Two states have legalized marijuana this year. What would Texas look like if we followed them? This is something that is not soon to come, but it would be interesting to imagine, right?

With Colorado and Washington voting for the legalization of marijuana in their states, who is next? The South might take a little longer to feel comfortable with this idea, though. Maybe New Orleans, Atlanta, and Nashville will help influence the push for more lenient laws on the drug. Will the liberal-leaning Austin help guide Texas to the idea?

I want to paint an imaginary scene for you of what could happen if Texas voted in favor of pot.

It seems that medical marijuana licensing is the slippery slope that warms up a state to legalization of the plant. So, lets start there. Let's pretend that Austin and all of the weird that comes with the city have convinced our state government to allow medical marijuana for our cancer sufferers.

Slowly, acceptancewill spread.

Local celebrities will be caught by paparazzi with pipes in hand around the city. Texas Monthly magazine will do stories about the new culture growing in Texas. The Onion, the satirical newspaper, would be a lot more funny to some. Food trailers around the bat city will start offering THC infused sweet treats. Willie Nelson will spend more time than ever in his home state to avoid the arrests and charges he receives when out on the road. Blues on the Green, ACL, and SXSW will be enjoyed in massive clouds of smoke. This smoke will mix with that flowing out of Franklin's BBQ and the Salt Lick as their sales increase with the surge of munchies that grows everyday. Everything will have just a bit of difference to it, but the big change will happen when Governor Rick Perry will admit on live television that he loves a joint at the end of a busy day running the state.

Remember, this isn't real. But, what if it was? Would Perry take part in the marijuana take over? How fast would the trend spread? How long would it take before Texas completely legalized marijuana? Why would we be in favor of this?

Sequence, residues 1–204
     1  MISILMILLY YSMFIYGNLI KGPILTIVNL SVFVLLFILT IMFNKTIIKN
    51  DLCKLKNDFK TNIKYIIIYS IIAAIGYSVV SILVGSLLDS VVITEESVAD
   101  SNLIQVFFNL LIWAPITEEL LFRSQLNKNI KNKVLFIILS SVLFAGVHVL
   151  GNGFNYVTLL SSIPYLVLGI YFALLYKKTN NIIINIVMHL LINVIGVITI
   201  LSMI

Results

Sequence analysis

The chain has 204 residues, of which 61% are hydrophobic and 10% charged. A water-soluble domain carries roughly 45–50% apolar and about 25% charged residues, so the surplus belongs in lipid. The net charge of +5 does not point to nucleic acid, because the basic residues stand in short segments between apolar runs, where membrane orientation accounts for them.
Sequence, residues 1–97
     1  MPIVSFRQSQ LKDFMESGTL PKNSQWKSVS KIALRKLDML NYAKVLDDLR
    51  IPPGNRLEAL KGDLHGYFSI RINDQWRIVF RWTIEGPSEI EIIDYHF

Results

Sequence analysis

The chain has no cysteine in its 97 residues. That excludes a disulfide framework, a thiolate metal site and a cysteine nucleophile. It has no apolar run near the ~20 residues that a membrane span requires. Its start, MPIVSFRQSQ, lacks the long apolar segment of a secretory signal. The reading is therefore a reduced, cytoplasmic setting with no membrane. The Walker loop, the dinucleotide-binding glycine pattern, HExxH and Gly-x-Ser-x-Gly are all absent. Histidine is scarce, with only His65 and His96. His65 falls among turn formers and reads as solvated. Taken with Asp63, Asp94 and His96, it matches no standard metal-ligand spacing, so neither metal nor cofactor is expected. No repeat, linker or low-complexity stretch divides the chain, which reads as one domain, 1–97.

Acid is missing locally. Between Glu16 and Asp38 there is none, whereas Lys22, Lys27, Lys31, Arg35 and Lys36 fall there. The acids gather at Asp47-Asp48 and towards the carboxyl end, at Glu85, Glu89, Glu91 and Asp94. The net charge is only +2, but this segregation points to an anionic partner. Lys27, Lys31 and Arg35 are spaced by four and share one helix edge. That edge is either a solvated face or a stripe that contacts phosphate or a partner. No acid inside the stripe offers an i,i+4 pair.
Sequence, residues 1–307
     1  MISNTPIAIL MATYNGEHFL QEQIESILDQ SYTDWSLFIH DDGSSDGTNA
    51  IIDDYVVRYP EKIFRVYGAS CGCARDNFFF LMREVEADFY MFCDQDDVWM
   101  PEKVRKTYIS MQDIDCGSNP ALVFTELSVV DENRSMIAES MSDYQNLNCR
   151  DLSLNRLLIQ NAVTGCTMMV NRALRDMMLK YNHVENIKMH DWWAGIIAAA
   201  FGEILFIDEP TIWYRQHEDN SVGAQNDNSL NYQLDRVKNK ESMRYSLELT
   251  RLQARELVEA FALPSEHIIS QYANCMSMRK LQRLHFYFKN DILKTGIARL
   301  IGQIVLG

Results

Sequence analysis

Elspeth Reeves of the Atlantic Wire reported this, "It's a little funny that legalization really could spread through a pet idea of dorm room stoners going back years: states will figure out they can make lots of money taxing weed."

That is something that Washington and Colorado are soon to take advantage of, the extra tax revenue. Texas being a large state with a large population might like the idea of more income to help those citizens.

But, why has Texas refused this extra revenue? Why will we not see our state go up in smoke any time soon?

The effects of marijuana intake are not fully understood yet. It seems like it could be a dangerous decision to hand it out over the counter. There are legitimate arguments coming from both sides, for and against.

There are some facts out there to find, though. According to the effects of marijuana ingestion include, "[i]n one study, heavy marijuana abusers reported that the drug impaired several important measures of life achievement, including physical and mental health, cognitive abilities, social life, and career status." They also comment on what happens inside the users body. Apparently there are carcinogens within the joint's, bong's, pipe's, and blunt's smoke. Some of these carcinogens are the same as those found in cigarette smoke, which we all know to be bad for us. Because pot smokers inhale and hold the smoke longer than a regular smoker, the carcinogens are exposing the lungs for longer.  Yet, the links to marijuana smoke to cancer are not concrete. It seems, though, that every other form of smoke or outside substance introduced to the lungs causes problems down the line. So, it is easy to believe that "taking a hit from the bong" will end up causing something wrong in the lungs of the smoker.

If Texans become "pot heads," we might see problems down the line for health care and productivity. None of this is a for sure thing, but we can wait and see what happens in Colorado and Washington. If we decided that these effects are not too much of a change from the legal drugs we have such as; alcohol and tobacco products, what would the federal government have to say about a stoned Texas?

The president has been answering a lot of questions recently because of the new state laws set. What does he think the US government's responsibility is?

Let's go back to the daydream of what Texas would look like if marijuana was legal. Would it take our state in a bad or good direction? Would our systems and sense of control be thrown out with the dirty bong water? Would the Dallas Cowboys be able to come back to win another Super Bowl if they tested positive for THC? 'Dazed and Confused' was filmed here, would life turn into that movie script? Would all of our high school students spend more time climbing light towers and listening to Led Zeppelin and not remember to graduate? Or, would our seniors and cancer patients live more at ease because smoking has made them regain their hunger and their level of pain is lessened?

Lots of changes would happen in Texas if everyone was getting high. Who knows what would really go on, but we can rest knowing that this imaginary world will not happen within our life time. I still want to know, though, what do you think about a sticky, rolled up, and smoked Texas?

Please, keep in mind that all of the speculations and statements made while imagining what could happen are not meant to be seen as fact nor opinion. This is a fake and made up idea of fiction.